I am a cradle Catholic. My yoga strengthens my faith in all ways. I have never felt like I had to choose between one or the other. I appreciate the interplay and invite their wisdom and guidance in living my best, most compassionate life.
We just started Lent on February 10th where for 40 days until Easter, you give up something.
In preparation I went through the normal study of what “can I give up?” And I came to realize that having given up caffeine, meat, gluten, low vibration foods on a day-to-day basis there was nothing there to offer up. I looked deeper.
In Yogic philosophy this could be considered Brahmacharya with the intent to refrain from 8 types of indulgence known as continence. In the Upanishads, “This soul is realized only through constant practice of truth, discipline, perfect knowledge, and continence.”
When we feel a longing or a bondage to things then we create our own misery and unhappiness results. As yogis we take only “enough.” We do not over indulge for it implies a scarcity mentality and taking more than we need.
“To preserve wealth without utilizing it for the good of others is sheer selfishness and lack of sympathy for others needs and distress.”
– Yoga Sutras Translation Swami Aranya
In his annual Lenten message, the pope writes, “Indifference to our neighbor and to God also represents a real temptation for us Christians. Each year during Lent we need to hear once more the voice of the prophets who cry out and trouble our conscience.”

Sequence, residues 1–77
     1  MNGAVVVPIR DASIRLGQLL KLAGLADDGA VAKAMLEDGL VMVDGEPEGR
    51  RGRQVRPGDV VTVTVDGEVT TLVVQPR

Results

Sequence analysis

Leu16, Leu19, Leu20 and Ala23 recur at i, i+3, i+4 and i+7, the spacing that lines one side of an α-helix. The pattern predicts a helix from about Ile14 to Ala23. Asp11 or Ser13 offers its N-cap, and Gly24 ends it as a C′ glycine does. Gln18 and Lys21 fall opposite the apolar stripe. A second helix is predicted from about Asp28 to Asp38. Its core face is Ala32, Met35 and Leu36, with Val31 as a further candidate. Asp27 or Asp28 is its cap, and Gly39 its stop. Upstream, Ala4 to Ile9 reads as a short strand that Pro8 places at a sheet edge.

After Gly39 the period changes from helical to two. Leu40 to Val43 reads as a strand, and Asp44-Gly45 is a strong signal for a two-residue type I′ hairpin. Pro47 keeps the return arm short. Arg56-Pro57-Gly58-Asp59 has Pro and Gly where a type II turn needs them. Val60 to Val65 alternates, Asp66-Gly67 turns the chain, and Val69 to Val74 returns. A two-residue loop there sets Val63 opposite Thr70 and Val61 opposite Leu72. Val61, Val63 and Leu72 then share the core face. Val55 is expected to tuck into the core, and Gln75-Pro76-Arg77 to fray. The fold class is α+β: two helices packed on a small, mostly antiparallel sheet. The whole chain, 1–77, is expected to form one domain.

Describing this phenomenon he calls the globalization of indifference, Francis writes that “whenever our interior life becomes caught up in its own interests and concerns, there is no longer room for others, no place for the poor. God’s voice is no longer heard, the quiet joy of his love is no longer felt, and the desire to do good fades.”
He continues that, “We end up being incapable of feeling compassion at the outcry of the poor, weeping for other people’s pain, and feeling a need to help them, as though all this were someone else’s responsibility and not our own.”
Let us be inspired and lead the way of Compassion. The Bhakti way, the way of love.
For Lent Give Up:
Recommit yourself to caring and having concern for your human family. Demonstrate compassion for those suffering. Then go beyond this to include being responsive to all living creatures great and small. Ultimately accept responsibility for the quality of life for all our brothers and sisters.
Together this lent let’s give up the globalization of indifference.
Love yourself, love your day, love your life!